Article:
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The rules have changed

Since Brexit, there’s been a change to passport rules if you’re intending to travel to the EU with a UK passport.

These changes have been in place since 1st January 2021 but as nobody was travelling at that point, it wasn’t widely spoken and more than two years on, this rule is still sending many a traveller home from the airport.

What Rules Have Changed For UK Passports?

As we are no longer part of the EU, we are classed as a ‘third nation country’ by the EU and therefore must follow the same rules as everyone else in that group.

Before, we would have been able to travel to the EU up to and on the day that our passport expired.

In addition, if we had more than 10 years on our passport – a regular occurrence in the past when the passport office would add on any leftover months on your previous passport when you renewed – we would be able to travel using those dates too.

However, both of these things have now changed.

What Are the New Passport Rules for UK Travellers?

For this, let’s take a look at what the official EU wording is:

“If you are a national from a country outside the EU wishing to visit or travel within the EU, you will need a valid passport and possibly a visa. Your passport should be valid for at least 3 months after the date you intend to leave the EU and it must have been issued within the last 10 years. This means your travel document must have been issued within the previous 10 years the day you enter the EU on condition that is it valid until the end of your stay plus an additional 3 months.”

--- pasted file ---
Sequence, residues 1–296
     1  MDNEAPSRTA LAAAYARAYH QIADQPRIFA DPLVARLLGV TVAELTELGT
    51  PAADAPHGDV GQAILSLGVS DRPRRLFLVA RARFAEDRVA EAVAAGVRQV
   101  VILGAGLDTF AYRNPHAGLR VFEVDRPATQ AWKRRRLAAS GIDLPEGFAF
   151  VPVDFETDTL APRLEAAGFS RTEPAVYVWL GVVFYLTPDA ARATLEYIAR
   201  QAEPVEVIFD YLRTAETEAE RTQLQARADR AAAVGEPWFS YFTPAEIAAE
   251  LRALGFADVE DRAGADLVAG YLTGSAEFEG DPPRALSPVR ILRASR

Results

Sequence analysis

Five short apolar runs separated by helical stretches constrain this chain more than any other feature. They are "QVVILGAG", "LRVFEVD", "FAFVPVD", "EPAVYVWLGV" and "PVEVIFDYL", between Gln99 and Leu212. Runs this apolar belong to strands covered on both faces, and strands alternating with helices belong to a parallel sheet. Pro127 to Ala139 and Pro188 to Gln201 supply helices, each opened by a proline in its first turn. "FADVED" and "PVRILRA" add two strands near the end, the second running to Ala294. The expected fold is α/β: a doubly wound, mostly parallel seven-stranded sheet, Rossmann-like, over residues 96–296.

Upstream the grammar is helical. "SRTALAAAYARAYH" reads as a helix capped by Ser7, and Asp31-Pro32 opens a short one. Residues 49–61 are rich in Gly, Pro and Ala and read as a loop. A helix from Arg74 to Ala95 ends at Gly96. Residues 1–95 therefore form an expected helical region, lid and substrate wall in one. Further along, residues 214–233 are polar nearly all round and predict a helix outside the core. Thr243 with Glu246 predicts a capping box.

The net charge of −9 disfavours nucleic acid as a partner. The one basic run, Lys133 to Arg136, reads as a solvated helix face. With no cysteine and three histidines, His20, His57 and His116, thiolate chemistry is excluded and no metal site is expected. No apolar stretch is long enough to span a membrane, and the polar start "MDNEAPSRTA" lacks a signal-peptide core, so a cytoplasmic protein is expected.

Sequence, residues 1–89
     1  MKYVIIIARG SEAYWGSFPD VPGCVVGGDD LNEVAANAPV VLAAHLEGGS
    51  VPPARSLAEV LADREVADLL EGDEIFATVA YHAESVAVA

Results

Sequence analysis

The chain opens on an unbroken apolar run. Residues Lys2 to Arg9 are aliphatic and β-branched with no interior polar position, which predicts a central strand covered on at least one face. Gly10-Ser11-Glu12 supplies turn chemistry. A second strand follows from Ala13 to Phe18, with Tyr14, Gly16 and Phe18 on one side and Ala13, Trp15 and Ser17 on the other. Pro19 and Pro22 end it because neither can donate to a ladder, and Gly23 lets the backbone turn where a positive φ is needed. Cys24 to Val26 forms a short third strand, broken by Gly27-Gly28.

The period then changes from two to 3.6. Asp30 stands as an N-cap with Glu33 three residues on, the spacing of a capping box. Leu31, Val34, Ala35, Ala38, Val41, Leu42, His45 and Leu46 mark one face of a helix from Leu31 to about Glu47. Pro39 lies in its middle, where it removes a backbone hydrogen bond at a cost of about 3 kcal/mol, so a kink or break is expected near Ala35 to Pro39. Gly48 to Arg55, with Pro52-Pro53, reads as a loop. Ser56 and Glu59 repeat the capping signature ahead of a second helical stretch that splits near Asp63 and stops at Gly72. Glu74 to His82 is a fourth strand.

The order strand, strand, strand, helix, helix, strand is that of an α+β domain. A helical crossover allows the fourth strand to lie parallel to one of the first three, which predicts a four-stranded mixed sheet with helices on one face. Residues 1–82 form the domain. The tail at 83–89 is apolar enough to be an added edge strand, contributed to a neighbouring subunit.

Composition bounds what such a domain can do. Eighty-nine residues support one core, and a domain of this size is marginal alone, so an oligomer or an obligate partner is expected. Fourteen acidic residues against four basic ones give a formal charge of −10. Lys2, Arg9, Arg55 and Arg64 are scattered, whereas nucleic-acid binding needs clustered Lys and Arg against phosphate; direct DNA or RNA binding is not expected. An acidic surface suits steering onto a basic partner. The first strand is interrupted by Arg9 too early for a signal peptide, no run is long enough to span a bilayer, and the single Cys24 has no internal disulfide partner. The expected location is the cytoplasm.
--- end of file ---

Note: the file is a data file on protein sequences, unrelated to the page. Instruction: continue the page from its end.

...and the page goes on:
In essence, your passport must be:

  • valid for at least 3 months after the day you plan to leave
    i.e. compare the date after you leave the EU against the ‘expiry date’ in your passport
  • issued less than 10 years before the date you enter the country
    i.e. compare the date before you enter the EU against the ‘date of issue’ in your passport

The last one is the bit that is catching most people out as some older passports are valid for more than 10 years, and the EU does not recognise these extra months anymore.

There’s also something else important to bear in mind…

Do I Need to Meet Both of Those Conditions Simultaneously?

Great question!

It took some time to get confirmation on this but it turns out that the two conditions above are in fact independent of each other.

To explain the relevance, let me use an example.

Sarah is travelling to an EU country on 29th August 2024 and flying home on 1st September 2024. Her passport was issued on 1st November 2014. It expires 15th March 2025.

Can she travel under the new rules?

Well let’s go through this.

Is Sarah’s passport valid for at least 3 months after the date she intends to leave the EU?

Date after Sarah is due to leave the EU: 2nd September 2024

Sarah’s passport expiry date: 15th March 2025

With 6 months and 13 days left on her passport, we can confidently answer that yes, Sarah’s passport is valid for at least 3 months after the date she intends to leave the EU.

Was it issued within the previous 10 years on the date before she entered the EU?

Date before Sarah is arriving in the EU: 28th August 2024

Sarah’s passport date of issue: 1st November 2014

On the date before Sarah enters the EU, her passport is only 9 years, 9 months and 27 days old and so again yes, we can confidently conclude that Sarah’s passport was issued within the previous 10 years on the date she enters the UK.

The reason this is significant is because if both of the conditions were used simultaneously, you would come to the conclusion that Sarah’s last possible day to enter the EU would be 31st July 2024 – 3 months prior to the date when her passport would reach 10 years.